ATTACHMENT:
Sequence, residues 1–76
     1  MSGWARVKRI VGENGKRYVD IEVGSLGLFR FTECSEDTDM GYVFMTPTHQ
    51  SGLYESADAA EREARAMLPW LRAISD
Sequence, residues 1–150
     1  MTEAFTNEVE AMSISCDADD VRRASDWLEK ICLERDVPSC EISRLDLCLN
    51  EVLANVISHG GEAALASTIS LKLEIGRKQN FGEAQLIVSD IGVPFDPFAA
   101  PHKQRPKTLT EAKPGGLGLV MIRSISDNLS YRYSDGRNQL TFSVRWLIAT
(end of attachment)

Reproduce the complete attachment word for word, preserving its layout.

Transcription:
Sequence, residues 1–76
     1  MSGWARVKRI VGENGKRYVD IEVGSLGLFR FTECSEDTDM GYVFMTPTHQ
    51  SGLYESADAA EREARAMLPW LRAISD
Sequence, residues 1–150
     1  MTEAFTNEVE AMSISCDADD VRRASDWLEK ICLERDVPSC EISRLDLCLN
    51  EVLANVISHG GEAALASTIS LKLEIGRKQN FGEAQLIVSD IGVPFDPFAA
   101  PHKQRPKTLT EAKPGGLGLV MIRSISDNLS YRYSDGRNQL TFSVRWLIAT